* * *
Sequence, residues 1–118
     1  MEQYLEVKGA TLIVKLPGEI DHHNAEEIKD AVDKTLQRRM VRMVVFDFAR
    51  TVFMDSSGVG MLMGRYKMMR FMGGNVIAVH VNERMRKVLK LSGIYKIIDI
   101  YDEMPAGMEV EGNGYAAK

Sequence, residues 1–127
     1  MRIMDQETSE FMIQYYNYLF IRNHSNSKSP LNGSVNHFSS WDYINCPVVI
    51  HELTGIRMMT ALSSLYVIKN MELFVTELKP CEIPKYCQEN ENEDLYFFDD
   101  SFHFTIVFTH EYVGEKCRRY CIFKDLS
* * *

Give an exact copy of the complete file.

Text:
Sequence, residues 1–118
     1  MEQYLEVKGA TLIVKLPGEI DHHNAEEIKD AVDKTLQRRM VRMVVFDFAR
    51  TVFMDSSGVG MLMGRYKMMR FMGGNVIAVH VNERMRKVLK LSGIYKIIDI
   101  YDEMPAGMEV EGNGYAAK

Sequence, residues 1–127
     1  MRIMDQETSE FMIQYYNYLF IRNHSNSKSP LNGSVNHFSS WDYINCPVVI
    51  HELTGIRMMT ALSSLYVIKN MELFVTELKP CEIPKYCQEN ENEDLYFFDD
   101  SFHFTIVFTH EYVGEKCRRY CIFKDLS